“The outer distractions of our interests reflect an inner lack of integration of our own lives. we are trying to be several selves at once, without all our selves being organized by a single, mastering Life within us. Each of us tends to be, not a single self, but a whole committee of selves.” — Thomas Kelly, A Testament of Devotion
I am working my way through Thomas Kelly’s little book, A Testament of Devotion and every few pages I must pause and reflect on a sentence, a phrase, or even a question.
This morning, here are the challenges from Thomas Kelly:
Do you love His presence?
The first of the love of God, of our love toward God, and of His love toward us, are very hot.
Our real problem, in failing to center down, is not a lack of time; it is, I fear, in too many of us, lack of joyful, enthusiastic delight in Him, lack of deep, deep-drawing love directed toward Him at every hour of the day and night.
There is a place the Spirit calls and I am all too unwilling to walk. Laziness. Distraction. Call it whatever… but when I read these challenges I am stirred once again.
In our multi-tasking, ADHD world, it is incredibly hard to understand how divided that makes us internally. We often blame our external circumstances for the hectic pace, but Thomas Kelly in A Testament to Devotion offers another thought:
The outer distractions of our interests reflect an inner lack of integration of our own lives. We are trying to be several selves at once, without all our selves being organized by a single, mastering Life within us. Each of us tends to be, not a single self, but a whole committee of selves.
This explains the voices in my head!
The path is surrender. We are called to allow the Holy One to bear our burdens. We are called to take up his yoke and walk with him.
Our lives can find deep unity within Christ. Without him, we continue to have committee meetings inside our heads.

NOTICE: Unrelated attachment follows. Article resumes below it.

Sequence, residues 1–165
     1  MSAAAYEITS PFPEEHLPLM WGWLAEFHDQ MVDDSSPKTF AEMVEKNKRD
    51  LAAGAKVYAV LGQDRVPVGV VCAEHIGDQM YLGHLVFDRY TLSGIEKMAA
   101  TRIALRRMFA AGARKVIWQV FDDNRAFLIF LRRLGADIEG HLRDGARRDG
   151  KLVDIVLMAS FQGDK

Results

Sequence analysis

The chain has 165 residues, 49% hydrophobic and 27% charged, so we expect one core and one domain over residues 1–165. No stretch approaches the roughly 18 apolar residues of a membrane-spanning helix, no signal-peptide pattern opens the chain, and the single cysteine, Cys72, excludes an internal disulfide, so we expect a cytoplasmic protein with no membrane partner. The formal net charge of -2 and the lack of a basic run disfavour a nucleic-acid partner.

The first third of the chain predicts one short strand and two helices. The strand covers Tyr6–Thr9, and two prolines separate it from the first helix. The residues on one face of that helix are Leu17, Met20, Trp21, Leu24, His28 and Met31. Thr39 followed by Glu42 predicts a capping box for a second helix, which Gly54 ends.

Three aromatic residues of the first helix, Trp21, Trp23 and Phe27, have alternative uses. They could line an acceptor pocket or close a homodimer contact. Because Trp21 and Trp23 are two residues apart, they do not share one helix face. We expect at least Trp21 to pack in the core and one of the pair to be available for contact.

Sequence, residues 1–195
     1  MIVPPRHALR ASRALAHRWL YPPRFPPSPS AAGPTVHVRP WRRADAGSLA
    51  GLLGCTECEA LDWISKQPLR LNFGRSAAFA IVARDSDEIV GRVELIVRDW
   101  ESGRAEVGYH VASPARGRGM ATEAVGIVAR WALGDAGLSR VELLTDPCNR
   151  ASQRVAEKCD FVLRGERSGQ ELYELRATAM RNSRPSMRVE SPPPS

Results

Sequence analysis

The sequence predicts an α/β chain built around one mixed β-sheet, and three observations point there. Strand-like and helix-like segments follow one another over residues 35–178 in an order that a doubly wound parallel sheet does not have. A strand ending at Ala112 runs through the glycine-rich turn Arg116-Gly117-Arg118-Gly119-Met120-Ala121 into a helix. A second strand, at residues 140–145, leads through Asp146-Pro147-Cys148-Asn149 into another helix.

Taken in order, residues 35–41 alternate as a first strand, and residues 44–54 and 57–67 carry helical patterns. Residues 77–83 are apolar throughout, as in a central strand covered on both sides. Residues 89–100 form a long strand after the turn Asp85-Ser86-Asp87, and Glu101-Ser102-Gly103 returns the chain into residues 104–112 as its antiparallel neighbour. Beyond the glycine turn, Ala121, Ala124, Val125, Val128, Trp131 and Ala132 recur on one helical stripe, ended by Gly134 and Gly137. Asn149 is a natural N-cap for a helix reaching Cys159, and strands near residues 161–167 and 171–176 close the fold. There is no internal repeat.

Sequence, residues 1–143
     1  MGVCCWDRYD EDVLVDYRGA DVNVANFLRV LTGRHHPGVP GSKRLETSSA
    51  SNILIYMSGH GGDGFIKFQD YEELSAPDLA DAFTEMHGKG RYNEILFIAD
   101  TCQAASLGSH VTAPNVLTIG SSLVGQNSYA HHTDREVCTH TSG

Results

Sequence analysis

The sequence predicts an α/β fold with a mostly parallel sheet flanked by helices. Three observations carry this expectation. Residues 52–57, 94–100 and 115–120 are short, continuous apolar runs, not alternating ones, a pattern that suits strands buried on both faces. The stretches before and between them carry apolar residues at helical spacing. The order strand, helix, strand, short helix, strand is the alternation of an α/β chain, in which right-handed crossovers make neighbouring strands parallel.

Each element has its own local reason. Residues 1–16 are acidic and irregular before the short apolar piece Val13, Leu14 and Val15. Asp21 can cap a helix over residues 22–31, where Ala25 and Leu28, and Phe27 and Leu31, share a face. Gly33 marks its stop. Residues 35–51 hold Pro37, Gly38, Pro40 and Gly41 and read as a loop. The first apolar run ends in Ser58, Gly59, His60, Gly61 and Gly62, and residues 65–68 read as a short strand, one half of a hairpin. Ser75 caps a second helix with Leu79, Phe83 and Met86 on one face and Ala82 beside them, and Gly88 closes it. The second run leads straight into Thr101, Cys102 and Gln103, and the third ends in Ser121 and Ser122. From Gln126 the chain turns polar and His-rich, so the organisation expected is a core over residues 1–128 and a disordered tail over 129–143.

The journey of Lent is one that should be inward. As western Christians, we don’t “do inward” very well. We don’t like silence a lot, either.
Protestant emphasis, beginning so nobly in the early Luther, has grown externally rationalistic, humanistic, and service-minded… The dearth of rich Protestant literature on the interior aspect of Christian living, except as it bears on the opening experience of conversion, bears testimony to its emphasis being elsewhere. — Thomas Kelly, A Testament of Devotion
Don’t allow the noise and busyness of our day keep us running on empty in our spiritual tanks.
Reflect on your day before you turn out the light.
Give thanks for the day ahead as you wake up.
Find Scripture portions to sink into and stay there as you dwell on the richness of God’s Word. I am currently doing this with Romans 8. I am not doing so well at memorization, so I am practicing Lectio Divina through this chapter over and over, allowing the deep truths to sink into my heart.
Don’t go through this Lenten season without an examination of the heart! Don’t run on empty!
CLICK HERE for a place to find daily Scripture reading.
CLICK HERE for devotionals to have sent to you daily during Lent.
Allow your spirit to be renewed in the journey.